Former City Girl columnist for The London Paper has moved to the country and in her new column she swaps her satirical, tongue-in-cheek Tales from the City, for warm and witty Tales from the Village ….
I didn’t really know what to expect when I first moved to the country. Of course, I knew there would be fields, lots of fields, and cows and the sweet sound of birdsong at the crack of dawn, and sheep … all of the sheep in my garden, or so it seems.
Our very first morning in the Oast and QT squealed in delight when a very muddy-bottomed sheep came trundling towards her down the garden path. Inevitably, this sheep now has a name, Dolly Poo-Bottom, which may sound charming, in a whimsical, Famous Five Go Rambling sort of way, but it also means that lamb is off the menu, because it’s really hard to hand-feed grass to a sheep loitering by your back door, and to then saunter into the village pub only a few feet away and tuck into the roast lamb dinner, with all the trimmings. My brain just can’t banish the image of Dolly’s little face surrounded by a puff of white wool, plus QT shrieking, ‘but you can’t eat Dolly Poo-Bottom,’ is very hard to ignore without feeling like the most heartless mummy in the whole wide world. So, that’s something I didn’t expect … to give up eating lamb, and I suspect it could be the first step to me becoming a vegetarian, given that I’ve also spotted a herd of big brown-eyed, black and white splodged cows in the field just down the lane ….
But what I also didn’t expect to find when I moved to the country was the warm welcome from the villagers. It’s true that everyone says, ‘hello’ in the country, and not just, ‘hello’. I’ve been asked allsorts – ‘where have I come from?’ ‘Do I have any chickens?’ Do I want some chickens?’ Do I have a dog?’ If so, ‘there’s a gap next to the five bar gate in the field opposite the pub where everyone goes to walk their dogs’. ‘Am I going eat all the apples from the trees in the front section of my garden’, and, ‘do I mind if they help themselves to the blackberries on the hedgerow that runs along the back?’, because they, ‘always have and there really is plenty to go around.’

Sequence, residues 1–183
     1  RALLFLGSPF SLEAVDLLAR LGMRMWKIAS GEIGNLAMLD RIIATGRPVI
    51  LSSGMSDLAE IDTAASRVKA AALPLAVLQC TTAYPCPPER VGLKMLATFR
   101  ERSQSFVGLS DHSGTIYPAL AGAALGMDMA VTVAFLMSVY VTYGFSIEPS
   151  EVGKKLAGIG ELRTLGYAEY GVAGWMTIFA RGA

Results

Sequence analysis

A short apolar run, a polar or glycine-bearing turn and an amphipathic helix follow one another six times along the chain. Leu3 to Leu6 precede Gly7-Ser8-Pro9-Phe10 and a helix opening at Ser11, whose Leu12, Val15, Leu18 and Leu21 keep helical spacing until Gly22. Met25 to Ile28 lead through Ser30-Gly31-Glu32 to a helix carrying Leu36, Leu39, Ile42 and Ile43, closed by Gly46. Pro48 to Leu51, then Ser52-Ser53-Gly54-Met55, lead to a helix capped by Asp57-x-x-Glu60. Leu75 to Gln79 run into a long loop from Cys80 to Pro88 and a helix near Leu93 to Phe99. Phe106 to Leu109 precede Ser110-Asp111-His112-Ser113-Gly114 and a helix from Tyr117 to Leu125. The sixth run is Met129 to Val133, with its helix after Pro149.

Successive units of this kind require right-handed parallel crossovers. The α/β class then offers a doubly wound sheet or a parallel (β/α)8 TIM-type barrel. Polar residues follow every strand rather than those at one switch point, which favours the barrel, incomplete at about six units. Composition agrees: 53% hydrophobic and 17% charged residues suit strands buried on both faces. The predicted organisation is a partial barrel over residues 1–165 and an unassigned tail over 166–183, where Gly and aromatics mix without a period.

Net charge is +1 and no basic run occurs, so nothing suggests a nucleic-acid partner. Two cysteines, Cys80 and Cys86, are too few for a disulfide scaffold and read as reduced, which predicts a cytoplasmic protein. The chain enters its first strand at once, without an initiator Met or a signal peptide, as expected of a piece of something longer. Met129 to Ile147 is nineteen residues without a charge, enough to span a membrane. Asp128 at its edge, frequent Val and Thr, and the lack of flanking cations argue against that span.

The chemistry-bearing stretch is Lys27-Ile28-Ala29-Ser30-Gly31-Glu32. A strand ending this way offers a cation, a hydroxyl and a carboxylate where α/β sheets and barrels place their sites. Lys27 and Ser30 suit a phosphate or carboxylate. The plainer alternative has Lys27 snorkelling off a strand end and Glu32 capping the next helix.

My first trip to the shop in the village ended up taking best part of a morning after I got chatting to the cosy, bun-shaped, slipper-wearing elderly lady behind the counter, who asked if I had, ‘moved into Maureen’s bungalow’. I have no idea who Maureen is, but I’m quite certain she didn’t live in my house before me, because it isn’t a bungalow, it’s an Oast, which sounds very grand, but it really isn’t, it’s just like any other country cottage, except that some of the rooms are round. Anyway, being the nosey author that I am, I was instantly intrigued to know more about Maureen and her bungalow.
So that is how I came to find out about poor Maureen, a much-loved, life-long village stalwart, who died last year, all alone at the grand old age of ninety, because she had no family left and she, ‘never liked a fuss’ and was, ‘collecting her eggs from the hen house right until she took her last breath, and everyone knows this because poor Maureen was found by her neighbour, having a little rest in the armchair by the Aga … with the fresh, mud and feather-splattered eggs, still warm in the basket clutched in her hand.
Sounds to me like Maureen was a country girl to the very end and I half wish that we had bought her bungalow after all, as I imagine it has a lifetime of memories wrapped within it’s walls ….